Abaco Independence Movement

From Wikipedia, the free encyclopedia
Jump to navigation Jump to search
Flag of the Abaco Independence Movement and proposed flag of independent Abaco Islands
Coat of arms of the Bahamas.svg
This article is part of a series on the
politics and government of
the Bahamas
Relief Map of Caribbean.png Caribbean portal

In August 1973, shortly after the Bahamas became independent, the Abaco Independence Movement was formed as a political party whose stated aim was self-determination for the Abaco Islands within a federal Bahamas.[1] In October 1973, AIM published a newsletter to launch its campaign for 'self-determination through legal and peaceful political action'.[1] AIM proposed that all Crown land on Abaco would be placed in a land trust. Each citizen would receive a one-acre home lot from the trust plus shares giving them an income from land sales and leases. The land trust would enter into a joint venture to develop a 60 sq mile free trade zone.[1] When AIM was formed by Chuck Hall and Bert Williams, they contacted an American financier named Michael Oliver, who through his libertarian Phoenix Foundation agreed to support AIM financially. The Phoenix Foundation had previously sought to establish a libertarian enclave in the South Pacific, the Republic of Minerva. AIM's first convention, held on February 23 1974,[2] was addressed by John Hospers, the Libertarian Party's 1972 US presidential candidate. Hospers was later refused entry to the Bahamas. The maverick British MP Colin Campbell Mitchell also visited Abaco to offer support.[3]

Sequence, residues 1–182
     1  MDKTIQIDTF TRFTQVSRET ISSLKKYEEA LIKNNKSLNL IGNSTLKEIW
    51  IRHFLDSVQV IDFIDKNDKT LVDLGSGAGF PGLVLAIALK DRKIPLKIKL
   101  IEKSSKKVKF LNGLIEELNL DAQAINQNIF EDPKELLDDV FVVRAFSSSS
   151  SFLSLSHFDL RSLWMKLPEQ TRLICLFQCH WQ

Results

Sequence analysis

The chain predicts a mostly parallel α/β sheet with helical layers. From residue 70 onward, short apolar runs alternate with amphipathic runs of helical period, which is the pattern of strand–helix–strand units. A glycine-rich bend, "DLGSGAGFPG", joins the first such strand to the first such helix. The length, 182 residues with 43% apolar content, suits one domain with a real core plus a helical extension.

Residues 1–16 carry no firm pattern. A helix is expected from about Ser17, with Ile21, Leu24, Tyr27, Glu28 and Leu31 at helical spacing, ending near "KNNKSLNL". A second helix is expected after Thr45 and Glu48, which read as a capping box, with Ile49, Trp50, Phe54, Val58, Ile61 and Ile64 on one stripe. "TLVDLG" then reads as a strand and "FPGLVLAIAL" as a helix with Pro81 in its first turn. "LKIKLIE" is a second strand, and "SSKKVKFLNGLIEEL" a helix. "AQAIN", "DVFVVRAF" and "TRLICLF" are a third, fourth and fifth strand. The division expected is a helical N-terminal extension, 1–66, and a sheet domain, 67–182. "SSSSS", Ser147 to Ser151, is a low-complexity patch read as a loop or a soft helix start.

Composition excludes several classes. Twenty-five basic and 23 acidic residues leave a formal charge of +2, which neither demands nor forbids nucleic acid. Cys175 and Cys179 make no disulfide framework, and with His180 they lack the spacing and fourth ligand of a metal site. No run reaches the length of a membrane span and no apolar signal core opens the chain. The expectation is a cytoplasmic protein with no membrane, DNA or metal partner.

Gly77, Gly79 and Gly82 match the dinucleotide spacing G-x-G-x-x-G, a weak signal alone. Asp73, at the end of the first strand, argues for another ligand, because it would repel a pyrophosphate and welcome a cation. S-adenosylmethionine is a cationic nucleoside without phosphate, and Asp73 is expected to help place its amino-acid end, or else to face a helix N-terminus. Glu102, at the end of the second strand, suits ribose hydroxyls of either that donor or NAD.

Around May 1974, reports emerged of a group called the 20th Century Revolutionaries whose intention appeared to be the overthrow of central government on Abaco. AIM denounced the group.[1]

In February 1975 an article[4] appeared in Esquire magazine claiming plans for an insurrection in Abaco were underway. Mitchell WerBell, an American arms-dealer and mercenary, claimed that Abaco would declare unilateral independence. It was claimed that WerBell was managing and financing AIM and had been recruiting mercenaries to go to Abaco.[5] Although no arrests or charges were made relating to an insurrection, AIMs involvement with WerBell, which included visits to his Georgia estate[3] greatly discredited AIM. In March 1975 AIM changed its name.

The new Abaco Home Rule Movement denied any military objectives and published a draft constitution for a proposed Abaco Commonwealth, based on libertarian principles. The results of the 1977 general election, in which the Progressive Liberal Party won 30 seats of 38 seats in Parliament including Abaco-Coopers Town, was a major disappointment for AHRM and effectively marked the end of the movement.[1] The AIM newspaper, The Abaco Independent ceased publication in 1977.[6]

The AIM flag showed a lighthouse (presumably the lighthouse at Hopetown) amidst a sunburst.


  1. ^ a b c d e Rick Lowe (October 2010). "Forgotten Dreams: A People's desire to chart their own course in Abaco, Bahamas Part Two" (PDF). The Nassau Institute. Retrieved 2012-12-15.
  2. ^ "Independence Party To Meet". Virgin Islands Daily News. 22 February 1974. Retrieved 2012-12-17.
  3. ^ a b Reuters staff (23 June 1973). "Sees Trouble Brewing For An Independent Bahamas". Virgin Islands Daily News. Retrieved 2012-12-17.
  4. ^ St. George, Andrew (February 1975). "The Amazing New-Country Caper". Esquire.
  5. ^ Guardian News Service (24 April 1973). "Islanders Talk of Civil War to Fend Off Independence". The Milwaukee Journal. Retrieved 2012-12-17.
  6. ^ Michael Craton and Gail Saunders-Smith (2000). Islanders in the Stream: A History of the Bahamian People. 2. University of Georgia Press. p. 360. ISBN 9780820322841.

Further reading[edit]

Steve Dodge: "Abaco: The History of An Out Island and Its Cays" (Decatur: White Sound Press 1983).